for the estimate of the PF interval. Good data regarding the number of ob-served potential and functional failures are also essential. Finally, the estimate should be evaluated by personnel famil-iar with the operation maintenance and engineering individuals associated with the failure mode in question to ensure that the estimate is reasonable. If it does not appear reasonable, the data may be indicating that a particular failure modes characteristics do not follow a progression from potential to functional failure or that the failure is not a function of time.

Note: The PF interval is solely a func-tion of the failure mode. The equations above only estimate a value for PF based on the observed results of an existing scheduled maintenance task. The values for Task, , and the existing on-condi-tion interval (EOCI) only apply to the specific inspection that was used when the data was collected. If evaluation of a different inspection is desired, then new values must be estimated or new data collected.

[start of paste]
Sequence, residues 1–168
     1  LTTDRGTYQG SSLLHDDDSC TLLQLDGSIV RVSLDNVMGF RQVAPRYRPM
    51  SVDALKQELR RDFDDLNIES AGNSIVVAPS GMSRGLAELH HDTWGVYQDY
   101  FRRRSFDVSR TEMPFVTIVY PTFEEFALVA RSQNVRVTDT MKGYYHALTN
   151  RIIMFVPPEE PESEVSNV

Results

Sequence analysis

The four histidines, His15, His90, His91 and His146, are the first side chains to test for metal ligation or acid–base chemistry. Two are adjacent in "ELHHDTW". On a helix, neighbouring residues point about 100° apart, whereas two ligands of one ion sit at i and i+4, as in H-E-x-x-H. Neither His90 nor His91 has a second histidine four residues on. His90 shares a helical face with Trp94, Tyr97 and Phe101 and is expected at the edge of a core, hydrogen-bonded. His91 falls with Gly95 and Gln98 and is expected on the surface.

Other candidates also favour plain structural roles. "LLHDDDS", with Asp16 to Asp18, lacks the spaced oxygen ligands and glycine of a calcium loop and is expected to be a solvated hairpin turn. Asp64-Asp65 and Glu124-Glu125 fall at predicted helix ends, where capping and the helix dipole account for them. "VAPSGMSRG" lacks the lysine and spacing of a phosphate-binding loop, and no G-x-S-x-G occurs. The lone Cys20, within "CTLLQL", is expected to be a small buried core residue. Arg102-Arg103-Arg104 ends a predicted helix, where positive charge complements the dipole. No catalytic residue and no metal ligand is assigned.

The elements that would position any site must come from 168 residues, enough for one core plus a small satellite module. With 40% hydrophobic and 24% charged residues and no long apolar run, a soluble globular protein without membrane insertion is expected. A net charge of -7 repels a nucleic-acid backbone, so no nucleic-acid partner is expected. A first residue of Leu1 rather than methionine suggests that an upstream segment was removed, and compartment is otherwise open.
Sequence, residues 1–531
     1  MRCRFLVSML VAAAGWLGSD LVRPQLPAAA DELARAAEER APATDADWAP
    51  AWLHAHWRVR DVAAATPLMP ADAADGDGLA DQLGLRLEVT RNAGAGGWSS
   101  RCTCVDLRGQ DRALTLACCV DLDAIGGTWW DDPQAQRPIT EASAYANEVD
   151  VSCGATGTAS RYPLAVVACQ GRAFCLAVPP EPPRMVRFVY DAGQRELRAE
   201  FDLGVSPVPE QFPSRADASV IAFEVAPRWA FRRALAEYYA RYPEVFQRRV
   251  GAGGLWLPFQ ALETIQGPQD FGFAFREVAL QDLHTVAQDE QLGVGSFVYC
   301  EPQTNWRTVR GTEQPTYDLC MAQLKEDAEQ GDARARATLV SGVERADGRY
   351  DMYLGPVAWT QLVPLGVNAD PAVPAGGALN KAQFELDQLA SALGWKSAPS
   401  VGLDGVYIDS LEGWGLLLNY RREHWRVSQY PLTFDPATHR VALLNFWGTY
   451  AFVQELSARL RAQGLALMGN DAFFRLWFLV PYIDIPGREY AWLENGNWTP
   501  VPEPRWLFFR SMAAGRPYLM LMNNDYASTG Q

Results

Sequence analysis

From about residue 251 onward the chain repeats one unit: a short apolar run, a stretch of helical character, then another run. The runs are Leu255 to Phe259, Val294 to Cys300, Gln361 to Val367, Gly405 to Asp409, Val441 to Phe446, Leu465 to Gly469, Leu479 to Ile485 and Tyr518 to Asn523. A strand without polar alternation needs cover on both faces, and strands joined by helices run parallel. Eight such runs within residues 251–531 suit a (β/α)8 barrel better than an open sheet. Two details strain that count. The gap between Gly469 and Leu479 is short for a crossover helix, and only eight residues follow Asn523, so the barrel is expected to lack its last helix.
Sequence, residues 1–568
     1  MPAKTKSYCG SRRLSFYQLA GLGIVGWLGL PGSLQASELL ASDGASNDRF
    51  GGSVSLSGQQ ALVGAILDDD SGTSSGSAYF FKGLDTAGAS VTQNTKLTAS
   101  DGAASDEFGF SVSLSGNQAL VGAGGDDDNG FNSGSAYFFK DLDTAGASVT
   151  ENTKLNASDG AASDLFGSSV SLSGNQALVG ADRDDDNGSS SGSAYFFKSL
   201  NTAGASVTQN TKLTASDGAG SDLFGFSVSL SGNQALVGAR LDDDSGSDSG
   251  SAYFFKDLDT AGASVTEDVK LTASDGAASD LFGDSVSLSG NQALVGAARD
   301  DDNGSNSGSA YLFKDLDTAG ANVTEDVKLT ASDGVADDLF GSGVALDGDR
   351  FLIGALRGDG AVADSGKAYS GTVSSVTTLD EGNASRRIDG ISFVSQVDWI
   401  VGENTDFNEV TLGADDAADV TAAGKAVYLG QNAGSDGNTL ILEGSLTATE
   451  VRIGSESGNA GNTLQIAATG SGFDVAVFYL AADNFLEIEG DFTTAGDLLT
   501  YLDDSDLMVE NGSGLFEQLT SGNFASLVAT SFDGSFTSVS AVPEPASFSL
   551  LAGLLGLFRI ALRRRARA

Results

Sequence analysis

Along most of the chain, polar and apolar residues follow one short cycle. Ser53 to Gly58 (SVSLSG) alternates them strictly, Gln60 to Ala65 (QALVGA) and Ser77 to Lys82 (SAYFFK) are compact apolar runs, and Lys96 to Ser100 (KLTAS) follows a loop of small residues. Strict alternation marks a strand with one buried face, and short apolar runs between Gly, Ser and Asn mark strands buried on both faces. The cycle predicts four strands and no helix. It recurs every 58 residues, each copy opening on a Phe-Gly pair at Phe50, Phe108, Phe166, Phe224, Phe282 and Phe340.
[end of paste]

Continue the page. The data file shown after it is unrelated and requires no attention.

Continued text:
Safety/Environmental

Once the PF interval is established, scheduled monitoring intervals for

• failure modes with safety or environmental consequences can be established using Equation 3.

SMI=PF/n

Equation 3

Equation 4

Where: Note that if the failure mode is evident, Ppdf =1. If the failure mode is hidden, Ppdf must be provided.

Operational/non-operational

For operational and non-operational consequences, the inspection interval is based on a cost analysis. To perform this cost analysis the value for n is calculated using Equation 5 and the inspection interval is then calculated from Equation 3.